My husband Topher Brennan has written an article about Melania Trump’s libel case and has asked me to signal-boost it, which I’m doing.
Furthermore, there appear to be good reasons to think the part of the story about Melania violating US immigration laws is true. One of Melania’s former roommates confirmed that she was in the US in 1995 in an interview with Politico reporter Julia Ioffe, and the quotes where Melania appears to admit to illegally working on a tourist visa are on video tape. According to Politico, these kinds of immigration violations were common in the modeling industry in the 90s.
I have a copy of Pojar’s book, and it cites two sources by name to support its claim that the official story about how the Trumps met is not the real story. It also gives an account of Melania’s years as a model in New York that sounds a hell of a lot like a euphemistic account of an escorting career—”dating” rich men and making up to $1500 per day while simultaneously being frustrated with her inability to get kinds of modeling work she really wanted.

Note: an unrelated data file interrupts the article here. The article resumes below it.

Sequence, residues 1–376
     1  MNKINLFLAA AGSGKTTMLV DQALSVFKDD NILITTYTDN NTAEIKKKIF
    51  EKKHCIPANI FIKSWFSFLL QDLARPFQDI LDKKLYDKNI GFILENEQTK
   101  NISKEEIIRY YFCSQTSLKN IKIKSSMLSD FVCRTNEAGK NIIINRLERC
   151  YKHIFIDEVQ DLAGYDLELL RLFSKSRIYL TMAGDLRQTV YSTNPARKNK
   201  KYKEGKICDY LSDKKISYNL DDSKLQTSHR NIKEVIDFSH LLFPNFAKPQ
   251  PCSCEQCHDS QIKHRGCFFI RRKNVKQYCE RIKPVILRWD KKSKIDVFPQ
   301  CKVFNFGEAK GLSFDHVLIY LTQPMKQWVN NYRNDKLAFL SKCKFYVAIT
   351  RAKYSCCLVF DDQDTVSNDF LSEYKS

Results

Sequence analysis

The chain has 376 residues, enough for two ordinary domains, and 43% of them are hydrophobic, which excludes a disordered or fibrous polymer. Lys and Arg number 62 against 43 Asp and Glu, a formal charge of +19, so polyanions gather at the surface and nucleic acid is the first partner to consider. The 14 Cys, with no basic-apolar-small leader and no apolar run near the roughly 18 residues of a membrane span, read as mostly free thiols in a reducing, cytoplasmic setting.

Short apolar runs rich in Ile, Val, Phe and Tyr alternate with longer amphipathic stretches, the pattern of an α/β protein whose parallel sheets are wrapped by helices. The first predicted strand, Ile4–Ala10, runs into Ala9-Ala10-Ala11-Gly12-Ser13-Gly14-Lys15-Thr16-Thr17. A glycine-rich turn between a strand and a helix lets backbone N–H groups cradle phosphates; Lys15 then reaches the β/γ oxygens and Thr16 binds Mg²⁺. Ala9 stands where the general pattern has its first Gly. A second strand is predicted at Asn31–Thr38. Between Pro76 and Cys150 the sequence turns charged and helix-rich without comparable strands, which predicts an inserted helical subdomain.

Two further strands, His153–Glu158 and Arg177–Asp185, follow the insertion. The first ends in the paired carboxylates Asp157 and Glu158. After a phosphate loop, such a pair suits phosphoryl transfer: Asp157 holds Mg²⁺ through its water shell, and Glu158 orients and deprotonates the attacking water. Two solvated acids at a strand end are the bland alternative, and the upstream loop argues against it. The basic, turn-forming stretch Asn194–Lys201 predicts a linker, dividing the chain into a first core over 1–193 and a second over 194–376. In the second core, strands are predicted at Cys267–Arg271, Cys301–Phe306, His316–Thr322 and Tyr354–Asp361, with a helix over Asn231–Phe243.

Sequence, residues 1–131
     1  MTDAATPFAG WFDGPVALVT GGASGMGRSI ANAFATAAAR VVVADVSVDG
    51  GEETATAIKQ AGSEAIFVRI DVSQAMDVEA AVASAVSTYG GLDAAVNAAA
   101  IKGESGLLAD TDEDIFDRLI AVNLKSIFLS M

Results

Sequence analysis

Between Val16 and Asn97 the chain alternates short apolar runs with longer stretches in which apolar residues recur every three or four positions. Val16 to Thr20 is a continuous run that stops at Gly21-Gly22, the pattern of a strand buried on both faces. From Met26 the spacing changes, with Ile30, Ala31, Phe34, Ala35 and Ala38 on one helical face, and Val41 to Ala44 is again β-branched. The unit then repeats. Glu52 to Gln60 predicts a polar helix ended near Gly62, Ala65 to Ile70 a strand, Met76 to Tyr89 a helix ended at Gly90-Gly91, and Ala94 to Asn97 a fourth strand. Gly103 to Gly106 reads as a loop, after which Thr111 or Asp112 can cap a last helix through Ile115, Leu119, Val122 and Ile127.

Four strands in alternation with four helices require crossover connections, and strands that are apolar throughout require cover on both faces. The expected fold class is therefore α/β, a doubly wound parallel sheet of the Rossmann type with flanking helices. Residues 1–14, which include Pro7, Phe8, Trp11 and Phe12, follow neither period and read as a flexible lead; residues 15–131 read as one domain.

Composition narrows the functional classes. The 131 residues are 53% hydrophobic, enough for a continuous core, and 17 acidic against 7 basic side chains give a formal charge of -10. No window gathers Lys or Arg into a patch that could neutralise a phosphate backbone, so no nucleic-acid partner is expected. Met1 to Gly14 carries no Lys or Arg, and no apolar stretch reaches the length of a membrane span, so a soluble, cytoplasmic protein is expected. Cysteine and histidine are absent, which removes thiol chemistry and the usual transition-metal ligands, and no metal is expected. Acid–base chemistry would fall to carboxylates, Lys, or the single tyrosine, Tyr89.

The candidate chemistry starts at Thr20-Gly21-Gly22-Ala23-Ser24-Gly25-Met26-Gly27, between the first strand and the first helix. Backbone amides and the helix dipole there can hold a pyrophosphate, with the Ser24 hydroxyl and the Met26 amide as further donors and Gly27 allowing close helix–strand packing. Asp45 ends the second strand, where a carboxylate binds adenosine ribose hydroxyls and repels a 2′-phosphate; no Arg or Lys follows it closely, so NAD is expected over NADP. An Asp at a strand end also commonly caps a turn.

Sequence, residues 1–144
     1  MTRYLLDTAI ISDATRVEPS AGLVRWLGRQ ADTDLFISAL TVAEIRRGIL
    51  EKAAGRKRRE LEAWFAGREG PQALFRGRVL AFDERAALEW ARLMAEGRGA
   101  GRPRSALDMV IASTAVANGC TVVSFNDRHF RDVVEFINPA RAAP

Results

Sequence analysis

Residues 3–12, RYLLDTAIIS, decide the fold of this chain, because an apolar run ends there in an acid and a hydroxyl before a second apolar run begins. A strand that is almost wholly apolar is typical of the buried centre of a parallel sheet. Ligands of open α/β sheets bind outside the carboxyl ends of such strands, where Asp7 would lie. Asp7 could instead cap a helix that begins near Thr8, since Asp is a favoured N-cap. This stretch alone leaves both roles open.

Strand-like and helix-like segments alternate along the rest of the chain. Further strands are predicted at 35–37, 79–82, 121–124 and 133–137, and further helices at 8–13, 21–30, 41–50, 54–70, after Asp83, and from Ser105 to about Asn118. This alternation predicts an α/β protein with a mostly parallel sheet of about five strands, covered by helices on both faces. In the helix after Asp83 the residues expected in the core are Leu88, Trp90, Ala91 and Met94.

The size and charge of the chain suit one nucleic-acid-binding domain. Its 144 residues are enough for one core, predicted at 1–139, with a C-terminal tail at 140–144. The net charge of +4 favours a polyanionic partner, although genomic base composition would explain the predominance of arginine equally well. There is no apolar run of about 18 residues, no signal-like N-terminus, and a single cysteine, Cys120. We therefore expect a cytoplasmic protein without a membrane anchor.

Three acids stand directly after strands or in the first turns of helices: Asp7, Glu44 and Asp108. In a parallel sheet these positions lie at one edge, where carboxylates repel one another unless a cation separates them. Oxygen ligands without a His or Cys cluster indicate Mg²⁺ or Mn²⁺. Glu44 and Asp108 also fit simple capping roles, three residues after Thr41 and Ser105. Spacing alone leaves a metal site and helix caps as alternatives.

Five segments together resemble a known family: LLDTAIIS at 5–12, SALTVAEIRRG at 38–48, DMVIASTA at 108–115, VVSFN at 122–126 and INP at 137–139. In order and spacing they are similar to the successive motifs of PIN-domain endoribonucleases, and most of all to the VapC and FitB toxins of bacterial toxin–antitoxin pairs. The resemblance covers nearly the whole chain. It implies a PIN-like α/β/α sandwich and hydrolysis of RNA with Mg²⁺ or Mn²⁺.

On top of all this, my own instinct is that whenever I hear about a celebrity abusing libel laws to suppress embarrassing rumors about themselves, I tend to assume the rumors are true. Most people realize that the smart way to deal with false rumors is to ignore them, especially when you’re famous.
If that was all there was to the story, though, I wouldn’t be bothering with it. I personally don’t care if Melania was an escort—in fact I don’t think there’s anything wrong with sex work and it should be decriminalized. And the hypocrisy angle falls a bit flat given that even without this story it would be perfectly obvious that her husband’s stance on immigration has nothing to do with immigration per se but is instead an expression of thinly-veiled racism.
Even the libel angle wouldn’t be terribly interesting, if Melania had merely sued the Daily Mail in a British court. British libel law is an internationally famous dumpster fire. If Melania had merely sued a British publication in a British court for repeating nasty rumors about her, she’d be joining the ignominious company of the Church of Scientology and anti-vax frauster Andrew Wakefield, but there wouldn’t be much of a story beyond that.
However, there are some twists to the story.